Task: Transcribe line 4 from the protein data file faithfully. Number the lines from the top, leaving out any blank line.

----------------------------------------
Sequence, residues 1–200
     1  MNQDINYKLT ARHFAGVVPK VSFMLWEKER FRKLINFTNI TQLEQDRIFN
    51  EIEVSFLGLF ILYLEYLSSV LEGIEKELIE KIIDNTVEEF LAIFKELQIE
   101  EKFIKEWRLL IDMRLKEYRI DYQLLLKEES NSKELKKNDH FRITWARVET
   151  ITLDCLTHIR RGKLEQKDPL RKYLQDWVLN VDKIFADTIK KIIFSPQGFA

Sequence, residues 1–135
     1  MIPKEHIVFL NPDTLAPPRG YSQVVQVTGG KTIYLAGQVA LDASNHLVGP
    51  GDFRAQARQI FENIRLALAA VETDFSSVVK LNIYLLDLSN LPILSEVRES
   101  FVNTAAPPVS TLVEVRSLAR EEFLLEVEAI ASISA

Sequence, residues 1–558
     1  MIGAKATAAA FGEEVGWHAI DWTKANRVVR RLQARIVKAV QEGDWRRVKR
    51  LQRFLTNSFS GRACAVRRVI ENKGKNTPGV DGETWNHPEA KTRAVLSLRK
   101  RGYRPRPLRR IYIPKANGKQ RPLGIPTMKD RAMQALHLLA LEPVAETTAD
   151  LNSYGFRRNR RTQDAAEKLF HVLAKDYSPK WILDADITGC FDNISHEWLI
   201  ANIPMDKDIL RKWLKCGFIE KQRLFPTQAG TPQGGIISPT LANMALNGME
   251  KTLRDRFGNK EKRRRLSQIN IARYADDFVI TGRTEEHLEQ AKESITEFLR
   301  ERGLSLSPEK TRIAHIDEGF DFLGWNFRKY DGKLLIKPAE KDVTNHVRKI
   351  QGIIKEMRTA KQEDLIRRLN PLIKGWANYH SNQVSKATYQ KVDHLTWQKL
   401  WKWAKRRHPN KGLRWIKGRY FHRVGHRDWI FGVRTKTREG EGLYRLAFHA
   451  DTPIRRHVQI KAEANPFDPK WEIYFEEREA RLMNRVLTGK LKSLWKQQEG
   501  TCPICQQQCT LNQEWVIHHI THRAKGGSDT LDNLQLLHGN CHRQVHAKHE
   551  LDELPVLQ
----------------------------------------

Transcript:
   101  EKFIKEWRLL IDMRLKEYRI DYQLLLKEES NSKELKKNDH FRITWARVET